Learn about Electrification
Roughly a quarter of California total greenhouse gas (GHG) emissions come from buildings, such as our very own homes. Eliminating the burning of fossil fuels in the home is a great way for many of you to combat climate change! Now, let's talk about home electrification. Home electrification is the replacement of gas appliances (i.e. furnaces, water heaters, dryers, stoves) with all-electric heat pump and induction technology. As SMUD moves towards 100% renewables, the carbon footprint of your house shrinks. Every 5 to 6 metric tonnes of carbon dioxide (CO2) you save is like taking a car off the road for a year.
If you are planning a remodel, adding solar panels, getting an electric car, or preparing for your water heater, stove/oven, or furnace to die, make a plan to electrify. Check your electrical panel to make sure it can support any new electrical appliances (Tip: to include an electric vehicle and clothes dryer, you may need capacity for five 240-volt connections). Make a plan to upgrade sooner so you don't have to panic once your existing appliances fail later.
Imagine how reduced our carbon footprint would be if all the homes in Sacramento were electrified! The dream becomes more real every day, especially with SMUD committing to being all-renewable by 2030. So let's get started! Explore the resources below.
The Switch is On! An online introduction to building electrification and resources for making the switch.
Sierra Club San Francisco Bay has a great overview of the importance of electrification, which includes a list of all the cities and counties in California that have passed building electrification ordinances, as well as a beautiful three-part illustrated series on the importance of electrification in residential buildings!
Complete Guides for Home Conversion
Pocket Guide to Complete Single-Family Home Electrification: Redwood Energy and Menlo Spark put together a 2021 guide for everything from small-budget cooktops and portable heat pumps to HVAC installations and panel organization.
The experience of one family's electrification project:
Heat Pump Water Heaters
Tip: Heat pump water heaters provide the biggest bang for your buck, as you can expect a reduction of roughly 11 to 15 metric tonnes of CO2 emissions over their life cycles.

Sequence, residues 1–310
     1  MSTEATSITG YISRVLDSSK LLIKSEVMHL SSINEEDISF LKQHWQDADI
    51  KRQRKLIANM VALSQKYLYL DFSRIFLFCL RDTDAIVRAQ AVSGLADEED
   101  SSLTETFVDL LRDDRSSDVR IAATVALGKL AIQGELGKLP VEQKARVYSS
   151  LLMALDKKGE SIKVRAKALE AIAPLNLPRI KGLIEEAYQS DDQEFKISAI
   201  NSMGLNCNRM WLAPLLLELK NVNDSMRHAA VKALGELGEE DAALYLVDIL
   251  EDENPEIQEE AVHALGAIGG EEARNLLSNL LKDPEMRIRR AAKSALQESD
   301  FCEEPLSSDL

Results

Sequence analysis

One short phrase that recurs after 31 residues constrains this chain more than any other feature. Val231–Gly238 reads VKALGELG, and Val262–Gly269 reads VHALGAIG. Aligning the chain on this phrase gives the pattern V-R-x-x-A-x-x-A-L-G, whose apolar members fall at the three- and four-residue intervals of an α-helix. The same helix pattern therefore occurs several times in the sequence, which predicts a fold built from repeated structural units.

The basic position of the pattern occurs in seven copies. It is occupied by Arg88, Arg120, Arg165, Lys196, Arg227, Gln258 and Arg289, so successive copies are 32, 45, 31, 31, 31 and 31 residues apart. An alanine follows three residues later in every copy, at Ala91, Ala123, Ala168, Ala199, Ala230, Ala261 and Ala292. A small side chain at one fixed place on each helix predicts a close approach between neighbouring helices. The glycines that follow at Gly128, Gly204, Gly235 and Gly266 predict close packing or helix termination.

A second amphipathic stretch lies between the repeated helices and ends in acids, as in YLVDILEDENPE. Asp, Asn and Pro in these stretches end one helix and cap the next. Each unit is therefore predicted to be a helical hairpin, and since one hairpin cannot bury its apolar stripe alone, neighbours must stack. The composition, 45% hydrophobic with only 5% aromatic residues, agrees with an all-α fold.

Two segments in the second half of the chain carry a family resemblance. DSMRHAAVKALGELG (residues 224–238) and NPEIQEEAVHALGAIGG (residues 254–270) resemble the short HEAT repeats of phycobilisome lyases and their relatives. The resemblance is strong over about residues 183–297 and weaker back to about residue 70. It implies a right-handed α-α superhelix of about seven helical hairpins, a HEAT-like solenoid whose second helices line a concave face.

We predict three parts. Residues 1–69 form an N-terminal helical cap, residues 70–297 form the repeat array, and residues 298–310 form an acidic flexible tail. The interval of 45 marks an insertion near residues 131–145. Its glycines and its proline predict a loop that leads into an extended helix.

Check out our page on de-carbonizing your home with heat pump water heaters!
SMUD's short video on what heat pump water heaters are:
HVAC Heat Pumps
Tip: Heat pumps for HVAC are another heavy hitter for CO2 emissions, as they can reduce roughly 19 metric tonnes of CO2 over their life cycles.
Watch this Bay Area virtual home tour of different heat-pump HVAC retrofits. This includes examples of both mini-splits and central systems.
SMUD’s video on details about heat pumps for HVAC, including why some heat pumps are more efficient than others: Webinar Recording: Most Popular Heating & Cooling Questions
350 Sacramento’s chart (with more links!) for how to compare bids for a heat pump HVAC installation. These are considerations to balance up front cost with running cost (including repairs) and replacement cycle:
Wok cooking with induction, discussion of how to take advantages of different metals and temperature control for steaming, stir frying, and frying.
Watch Chef Dave Nelson put induction technology to the test as he demonstrates some quick recipes and offers general cooking tips.
Samantha Bee's Full Frontal had a hilarious segment in June 2021 about gas and induction stoves, check it out!
Check out the Home Performance Program which has information on rebates available to go electric for HVAC, water heating, efficiency upgrades, and panel capacity building.
The Home Rebates Page has rebates for replacing gas with induction stove, recycling information, and rebates for smart thermostats, lightbulb conversion, power-saving power strips, and even water conservation.
Here is a list of Clean Energy Contractors in California created by a third party.
Here is a spreadsheet of crowdsourced experiences from 350 Sacramento volunteers and contractors they've used: